In our ever-changing, technology-evolving world, there are a few constants. People need to work and collaborate and want to do it as conveniently as possible. These three elements (work, collaboration and mobility), according to a new report by Forrester, make up what the research company calls a mobile app Internet.
What is a Mobile App Internet?
Forrester defines the term “mobile app internet” as
…an application architecture of native apps on smart mobile devices linked to cloud-based services that provide a context-rich experience anytime, anywhere."
With an ability to store or cache data close to the device that needs it, this application architecture uses all of the processing power, hardware and sensors available on the device, whether it be computer, smartphone, tablet, television, vehicle or appliance, essentially making it possible for employees to run any number of mobile platforms and devices that gain access to both enterprise and professional consumer-grade collaboration services.
According to the report's main author, Ted Schadler, who also brought us the empowered employee, says that three forces fueled the need for mobile collaboration solutions.
- Work is something you do, not where you go: 41% of the information workforce is highly mobile and it’s still growing.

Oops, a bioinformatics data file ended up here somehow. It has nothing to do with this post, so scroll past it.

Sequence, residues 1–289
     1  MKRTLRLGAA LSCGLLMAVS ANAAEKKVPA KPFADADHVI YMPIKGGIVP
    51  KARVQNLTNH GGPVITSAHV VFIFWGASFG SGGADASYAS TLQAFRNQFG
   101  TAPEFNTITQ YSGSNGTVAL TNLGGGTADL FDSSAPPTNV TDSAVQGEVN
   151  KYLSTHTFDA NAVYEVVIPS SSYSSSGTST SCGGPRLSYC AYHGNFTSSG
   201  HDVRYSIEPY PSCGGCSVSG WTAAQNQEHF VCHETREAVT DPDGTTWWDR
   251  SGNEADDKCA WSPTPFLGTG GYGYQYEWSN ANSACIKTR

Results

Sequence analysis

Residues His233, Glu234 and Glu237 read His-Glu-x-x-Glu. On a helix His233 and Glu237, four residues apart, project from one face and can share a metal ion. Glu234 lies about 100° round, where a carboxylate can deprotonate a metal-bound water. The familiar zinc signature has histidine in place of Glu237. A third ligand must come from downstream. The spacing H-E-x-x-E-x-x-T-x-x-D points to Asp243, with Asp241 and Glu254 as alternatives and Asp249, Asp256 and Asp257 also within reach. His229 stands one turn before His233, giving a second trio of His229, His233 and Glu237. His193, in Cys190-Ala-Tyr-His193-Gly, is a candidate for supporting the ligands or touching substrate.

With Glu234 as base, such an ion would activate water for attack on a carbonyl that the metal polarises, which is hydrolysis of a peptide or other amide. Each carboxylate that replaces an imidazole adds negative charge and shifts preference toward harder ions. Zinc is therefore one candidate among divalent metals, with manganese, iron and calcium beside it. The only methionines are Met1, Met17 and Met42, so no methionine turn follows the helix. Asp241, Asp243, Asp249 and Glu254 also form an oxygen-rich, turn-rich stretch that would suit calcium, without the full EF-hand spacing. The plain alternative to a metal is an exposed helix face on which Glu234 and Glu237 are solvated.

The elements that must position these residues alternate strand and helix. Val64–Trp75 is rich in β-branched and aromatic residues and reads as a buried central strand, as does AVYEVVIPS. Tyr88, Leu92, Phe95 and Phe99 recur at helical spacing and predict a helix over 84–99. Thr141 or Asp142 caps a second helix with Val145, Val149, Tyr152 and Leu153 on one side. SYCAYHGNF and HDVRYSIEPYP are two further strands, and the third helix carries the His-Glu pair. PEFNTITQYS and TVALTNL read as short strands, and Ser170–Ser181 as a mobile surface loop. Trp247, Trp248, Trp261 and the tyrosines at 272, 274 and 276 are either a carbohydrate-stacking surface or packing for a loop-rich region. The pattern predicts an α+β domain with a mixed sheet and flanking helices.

- Personal devices become professional tools: Nearly half the smartphones and 70% of the iPads used for work are purchased by employees.
- Mobile apps are worthwhile investments: New mobile apps and services are not just well-funded, affordable and easy to use -- they also help us become more productive and connected.
What Does it Mean?
A mobile app Internet isn’t just another web 2.0 word that the enterprise will have to integrate into its vocabulary. Rather, it’s a mindset they must adopt to mobilize the collaboration tools designed to keep employees connected while achieving low latency on a wireless network.
Forrester predicts that eight applications will emerge at the top of many companies' mobile collaboration must-have list.
- Email and calendars
- Document-based collaboration
- Web conferencing
- Activity streams
- Presence and chat
- Social collaboration
- Expertise location
- Video conferencing
These apps capitalize on the popularity of tools being used by general smartphone users. Not only are they popular, but by integrating them into enterprise collaboration management, companies can be assured that many employees are already familiar with them and are already using them for personal and professional tasks. While companies are encouraged to shift their collaboration mindset, vendors as well are urged to offer these types of applications so they can remain relevant and competitive in the marketplace.
Without a doubt, the mobile workforce influences, affects and improves the types of applications needed to help increase productivity, while making it efficient for everyone involved -- even the infrastructure upon which these services are made possible.